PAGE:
What is a chargeback?

A chargeback is a payment dispute initiated by the cardholder with their credit card issuing bank. A buyer asks the credit card company to reverse a transaction that has already cleared. The amount of the reversed transaction is deducted from the seller's account. The seller can then dispute the chargeback with proof of purchase, signature, proof of delivery, etc. When a chargeback occurs, the credit card issuing and acquiring banks will investigate to determine which party is responsible for the transaction.

All sellers who accept credit card payments run the risk of chargebacks and are liable for chargebacks. Just as sellers accepting personal cheques might receive an occasional bad cheque, sellers accepting credit cards, whether in person or through MonsterPay, they may encounter a chargebacks from time to time. Chargebacks are an unfortunate but realistic cost of doing business, and most sellers factor this cost into their business risk model.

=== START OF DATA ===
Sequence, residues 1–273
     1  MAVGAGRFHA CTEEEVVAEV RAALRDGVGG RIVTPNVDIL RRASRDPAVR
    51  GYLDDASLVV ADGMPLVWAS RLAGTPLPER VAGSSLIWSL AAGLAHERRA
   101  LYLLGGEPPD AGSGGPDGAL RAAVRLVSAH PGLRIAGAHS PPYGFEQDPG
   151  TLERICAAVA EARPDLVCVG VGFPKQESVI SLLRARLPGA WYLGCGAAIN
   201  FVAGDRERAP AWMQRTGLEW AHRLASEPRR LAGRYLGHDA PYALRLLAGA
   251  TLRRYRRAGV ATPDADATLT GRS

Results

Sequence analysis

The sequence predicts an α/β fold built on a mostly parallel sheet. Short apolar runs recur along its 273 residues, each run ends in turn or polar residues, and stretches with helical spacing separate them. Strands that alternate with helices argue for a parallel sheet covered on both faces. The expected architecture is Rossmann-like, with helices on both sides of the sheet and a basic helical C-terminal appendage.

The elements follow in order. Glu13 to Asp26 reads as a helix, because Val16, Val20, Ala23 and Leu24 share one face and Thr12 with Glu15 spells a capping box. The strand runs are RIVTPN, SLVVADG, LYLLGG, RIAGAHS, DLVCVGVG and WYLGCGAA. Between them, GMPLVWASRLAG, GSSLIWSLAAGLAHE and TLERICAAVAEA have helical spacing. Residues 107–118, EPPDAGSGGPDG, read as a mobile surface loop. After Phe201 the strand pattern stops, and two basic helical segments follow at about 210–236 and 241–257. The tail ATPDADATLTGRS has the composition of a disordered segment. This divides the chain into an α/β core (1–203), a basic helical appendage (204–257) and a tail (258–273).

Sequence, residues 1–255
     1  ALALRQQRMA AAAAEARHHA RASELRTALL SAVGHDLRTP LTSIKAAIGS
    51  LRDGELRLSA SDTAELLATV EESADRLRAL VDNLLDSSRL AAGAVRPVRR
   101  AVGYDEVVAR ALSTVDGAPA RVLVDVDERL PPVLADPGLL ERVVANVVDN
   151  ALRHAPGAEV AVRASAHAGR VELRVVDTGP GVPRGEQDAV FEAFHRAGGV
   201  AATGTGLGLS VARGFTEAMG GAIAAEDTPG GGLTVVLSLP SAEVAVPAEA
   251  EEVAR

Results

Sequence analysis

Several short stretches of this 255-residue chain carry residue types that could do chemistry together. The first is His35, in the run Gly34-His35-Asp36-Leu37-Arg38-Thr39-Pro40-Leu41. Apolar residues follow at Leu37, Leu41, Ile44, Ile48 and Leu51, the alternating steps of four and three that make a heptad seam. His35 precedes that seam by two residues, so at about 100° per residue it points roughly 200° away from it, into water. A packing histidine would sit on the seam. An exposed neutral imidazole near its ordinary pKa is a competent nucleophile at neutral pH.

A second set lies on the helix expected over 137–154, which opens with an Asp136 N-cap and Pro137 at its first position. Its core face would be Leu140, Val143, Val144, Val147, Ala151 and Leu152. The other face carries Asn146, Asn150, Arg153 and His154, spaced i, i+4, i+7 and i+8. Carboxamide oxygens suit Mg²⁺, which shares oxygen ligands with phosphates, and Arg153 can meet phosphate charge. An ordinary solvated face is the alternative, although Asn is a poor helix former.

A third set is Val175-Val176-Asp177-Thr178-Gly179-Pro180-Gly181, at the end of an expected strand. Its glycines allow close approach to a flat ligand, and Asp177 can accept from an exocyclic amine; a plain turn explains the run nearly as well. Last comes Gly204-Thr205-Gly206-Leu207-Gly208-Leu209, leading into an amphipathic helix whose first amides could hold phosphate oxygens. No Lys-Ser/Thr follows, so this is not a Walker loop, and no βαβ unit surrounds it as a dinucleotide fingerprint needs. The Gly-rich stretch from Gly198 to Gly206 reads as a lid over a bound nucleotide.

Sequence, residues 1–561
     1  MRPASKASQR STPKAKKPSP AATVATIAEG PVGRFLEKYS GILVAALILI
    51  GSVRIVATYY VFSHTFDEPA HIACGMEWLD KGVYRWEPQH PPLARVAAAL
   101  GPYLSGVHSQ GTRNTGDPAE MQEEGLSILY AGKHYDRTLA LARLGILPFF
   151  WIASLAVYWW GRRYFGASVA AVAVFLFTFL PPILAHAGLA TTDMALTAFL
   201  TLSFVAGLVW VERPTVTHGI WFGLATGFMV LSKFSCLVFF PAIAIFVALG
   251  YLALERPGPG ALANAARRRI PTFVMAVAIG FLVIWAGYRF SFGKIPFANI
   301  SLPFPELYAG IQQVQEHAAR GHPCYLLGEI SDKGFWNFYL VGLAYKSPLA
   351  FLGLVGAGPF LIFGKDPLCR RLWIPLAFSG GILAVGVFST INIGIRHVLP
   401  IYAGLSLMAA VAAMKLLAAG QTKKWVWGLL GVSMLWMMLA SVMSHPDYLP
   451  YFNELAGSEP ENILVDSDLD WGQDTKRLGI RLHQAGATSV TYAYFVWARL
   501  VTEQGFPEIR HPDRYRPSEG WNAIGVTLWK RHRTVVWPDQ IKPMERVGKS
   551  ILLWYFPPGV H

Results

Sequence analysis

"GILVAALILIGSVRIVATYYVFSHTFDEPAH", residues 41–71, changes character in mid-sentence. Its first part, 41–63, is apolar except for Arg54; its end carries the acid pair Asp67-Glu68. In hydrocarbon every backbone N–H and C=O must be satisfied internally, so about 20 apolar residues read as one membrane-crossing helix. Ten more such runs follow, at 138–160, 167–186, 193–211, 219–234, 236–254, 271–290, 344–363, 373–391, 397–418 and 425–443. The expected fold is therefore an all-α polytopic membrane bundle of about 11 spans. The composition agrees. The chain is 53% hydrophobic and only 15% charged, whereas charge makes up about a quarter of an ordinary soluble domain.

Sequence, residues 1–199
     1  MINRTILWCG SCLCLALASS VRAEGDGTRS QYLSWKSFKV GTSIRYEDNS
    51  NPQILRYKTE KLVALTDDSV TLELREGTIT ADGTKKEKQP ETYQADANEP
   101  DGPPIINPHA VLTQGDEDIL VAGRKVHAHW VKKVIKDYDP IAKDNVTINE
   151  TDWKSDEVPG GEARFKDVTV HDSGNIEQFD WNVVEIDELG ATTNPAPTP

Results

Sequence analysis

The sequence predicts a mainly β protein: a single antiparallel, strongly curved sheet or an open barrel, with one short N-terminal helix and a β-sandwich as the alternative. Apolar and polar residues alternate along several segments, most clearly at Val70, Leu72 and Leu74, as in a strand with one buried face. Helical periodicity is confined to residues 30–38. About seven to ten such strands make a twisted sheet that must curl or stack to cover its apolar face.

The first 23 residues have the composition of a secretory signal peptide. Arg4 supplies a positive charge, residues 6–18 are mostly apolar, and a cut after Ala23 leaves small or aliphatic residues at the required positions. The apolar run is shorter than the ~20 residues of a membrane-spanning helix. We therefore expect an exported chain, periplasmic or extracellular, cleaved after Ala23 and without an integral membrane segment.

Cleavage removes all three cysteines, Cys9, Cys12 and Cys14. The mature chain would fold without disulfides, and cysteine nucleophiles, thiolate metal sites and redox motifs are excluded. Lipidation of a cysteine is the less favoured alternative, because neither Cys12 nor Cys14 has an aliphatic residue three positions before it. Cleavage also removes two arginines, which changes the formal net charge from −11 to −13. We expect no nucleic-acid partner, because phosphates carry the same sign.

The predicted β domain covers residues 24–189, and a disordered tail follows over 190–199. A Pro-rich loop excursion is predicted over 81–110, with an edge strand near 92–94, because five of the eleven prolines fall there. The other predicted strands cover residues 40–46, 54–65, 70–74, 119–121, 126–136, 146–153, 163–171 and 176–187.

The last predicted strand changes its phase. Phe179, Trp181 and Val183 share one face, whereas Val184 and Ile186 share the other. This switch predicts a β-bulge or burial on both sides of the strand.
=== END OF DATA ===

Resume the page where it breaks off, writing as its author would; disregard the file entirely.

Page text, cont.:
A chargeback is usually generated when a cardholder disputes a transaction because of one of the following:

  • Non-fulfilment of product or service;
  • Unauthorised purchase;
  • Product/service expectations not met.

Related Topics:

  What are some best practices to avoid chargebacks?

  How can a seller recover funds when a chargeback occurs?

  Why am I charged a R150.00 fee for chargeback settlement?

  How exactly do MonsterPay and the seller work together to dispute a chargeback?

  Why can chargebacks occur so long after a seller receives the payment?

  How does MonsterPay notify a seller when a chargeback has been filed against them?

  What information can a seller provide to increase the chances of winning a chargeback dispute?